Jonathan Lazare Alperin

Alperin at Berkeley in 1981

Jonathan Lazare Alperin (/ˈælpərɪn/; born 1937) is an American mathematician specializing in the area of algebra known as group theory. He is notable for his work in group theory which has been cited over 500 times according to the Mathematical Reviews. The Alperin–Brauer–Gorenstein theorem is named after him.


Alperin attended school at Princeton University and wrote his Ph.D. dissertation in 1961 "On a Special Class of Regular p-Groups" under the direction of Graham Higman. He was awarded a Guggenheim Fellowship in 1974. He has several times (1969, 1979, and 1983) been a visiting scholar at the Institute for Advanced Study.[1] In 2012 he became a fellow of the American Mathematical Society.[2]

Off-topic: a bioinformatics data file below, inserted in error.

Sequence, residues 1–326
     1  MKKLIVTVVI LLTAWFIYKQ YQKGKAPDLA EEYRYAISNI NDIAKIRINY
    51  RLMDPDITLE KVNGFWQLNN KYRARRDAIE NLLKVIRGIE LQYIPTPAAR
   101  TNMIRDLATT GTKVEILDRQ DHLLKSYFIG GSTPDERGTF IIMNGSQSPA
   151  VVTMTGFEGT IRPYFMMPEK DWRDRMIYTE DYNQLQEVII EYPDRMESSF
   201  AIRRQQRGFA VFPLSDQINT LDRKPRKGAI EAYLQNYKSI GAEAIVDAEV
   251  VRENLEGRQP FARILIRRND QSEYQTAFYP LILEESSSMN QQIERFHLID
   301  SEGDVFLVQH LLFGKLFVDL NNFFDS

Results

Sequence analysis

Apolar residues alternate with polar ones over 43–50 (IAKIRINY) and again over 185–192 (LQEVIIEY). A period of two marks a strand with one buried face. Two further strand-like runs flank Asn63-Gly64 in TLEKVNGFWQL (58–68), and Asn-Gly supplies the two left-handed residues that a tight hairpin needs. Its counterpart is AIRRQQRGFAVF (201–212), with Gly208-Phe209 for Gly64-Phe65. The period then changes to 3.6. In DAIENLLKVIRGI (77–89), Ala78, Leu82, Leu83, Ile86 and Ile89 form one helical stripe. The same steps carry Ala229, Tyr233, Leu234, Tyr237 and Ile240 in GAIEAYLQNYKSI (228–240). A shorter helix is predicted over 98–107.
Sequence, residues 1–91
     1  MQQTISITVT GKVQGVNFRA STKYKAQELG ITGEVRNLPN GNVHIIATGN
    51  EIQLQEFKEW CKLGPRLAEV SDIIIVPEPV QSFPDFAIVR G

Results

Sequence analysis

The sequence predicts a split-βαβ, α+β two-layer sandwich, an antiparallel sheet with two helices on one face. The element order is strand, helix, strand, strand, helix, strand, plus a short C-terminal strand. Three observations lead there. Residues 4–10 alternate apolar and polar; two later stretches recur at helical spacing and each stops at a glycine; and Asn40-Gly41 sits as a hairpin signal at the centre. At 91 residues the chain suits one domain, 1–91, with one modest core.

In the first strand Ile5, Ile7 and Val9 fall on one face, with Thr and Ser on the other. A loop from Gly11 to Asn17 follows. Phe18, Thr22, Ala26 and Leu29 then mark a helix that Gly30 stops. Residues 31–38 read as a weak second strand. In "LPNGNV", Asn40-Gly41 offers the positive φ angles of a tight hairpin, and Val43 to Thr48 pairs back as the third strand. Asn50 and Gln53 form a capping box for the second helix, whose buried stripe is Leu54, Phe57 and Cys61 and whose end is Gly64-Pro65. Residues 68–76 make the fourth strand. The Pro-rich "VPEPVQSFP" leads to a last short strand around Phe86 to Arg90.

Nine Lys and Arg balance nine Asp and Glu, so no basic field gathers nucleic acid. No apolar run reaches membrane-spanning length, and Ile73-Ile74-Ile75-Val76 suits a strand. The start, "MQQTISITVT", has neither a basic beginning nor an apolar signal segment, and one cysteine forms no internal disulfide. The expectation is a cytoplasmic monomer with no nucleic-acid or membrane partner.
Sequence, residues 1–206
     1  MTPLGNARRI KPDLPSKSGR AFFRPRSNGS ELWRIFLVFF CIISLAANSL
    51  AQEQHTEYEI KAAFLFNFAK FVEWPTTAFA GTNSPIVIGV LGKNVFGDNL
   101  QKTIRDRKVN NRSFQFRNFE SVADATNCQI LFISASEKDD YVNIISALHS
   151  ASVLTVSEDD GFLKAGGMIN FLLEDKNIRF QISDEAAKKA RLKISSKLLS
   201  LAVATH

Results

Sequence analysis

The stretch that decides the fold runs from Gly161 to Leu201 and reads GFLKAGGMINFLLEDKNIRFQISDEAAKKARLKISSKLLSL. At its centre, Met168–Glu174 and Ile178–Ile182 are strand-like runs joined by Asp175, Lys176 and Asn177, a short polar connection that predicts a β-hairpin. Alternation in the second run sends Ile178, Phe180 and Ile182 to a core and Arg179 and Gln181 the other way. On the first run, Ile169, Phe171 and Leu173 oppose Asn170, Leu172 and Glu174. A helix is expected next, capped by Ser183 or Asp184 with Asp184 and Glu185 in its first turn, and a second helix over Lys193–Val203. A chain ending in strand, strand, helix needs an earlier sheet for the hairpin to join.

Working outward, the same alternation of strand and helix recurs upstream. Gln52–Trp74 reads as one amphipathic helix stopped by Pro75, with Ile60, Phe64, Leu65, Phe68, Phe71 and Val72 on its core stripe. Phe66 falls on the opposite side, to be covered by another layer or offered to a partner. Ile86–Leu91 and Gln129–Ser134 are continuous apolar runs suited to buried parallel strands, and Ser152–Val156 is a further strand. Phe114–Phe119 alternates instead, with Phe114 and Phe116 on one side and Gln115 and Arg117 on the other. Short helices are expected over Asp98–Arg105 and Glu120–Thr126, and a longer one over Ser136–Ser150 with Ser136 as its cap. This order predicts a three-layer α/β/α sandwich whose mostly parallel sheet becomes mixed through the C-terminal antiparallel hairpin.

Alperin is a professor at the University of Chicago where he has had 22 students and 30 descendants. He has published over 60 papers and his work has been cited over 500 times.

He is also known for his conjecture, (Alperin 1987), a topic of current research in modular representation theory, and for his work on the local control of fusion, (Alperin 1967), part of local group theory. In (Alperin 1970), the Alperin–Brauer–Gorenstein theorem was proven, giving the classification of finite simple groups with quasi-dihedral Sylow 2-subgroups.

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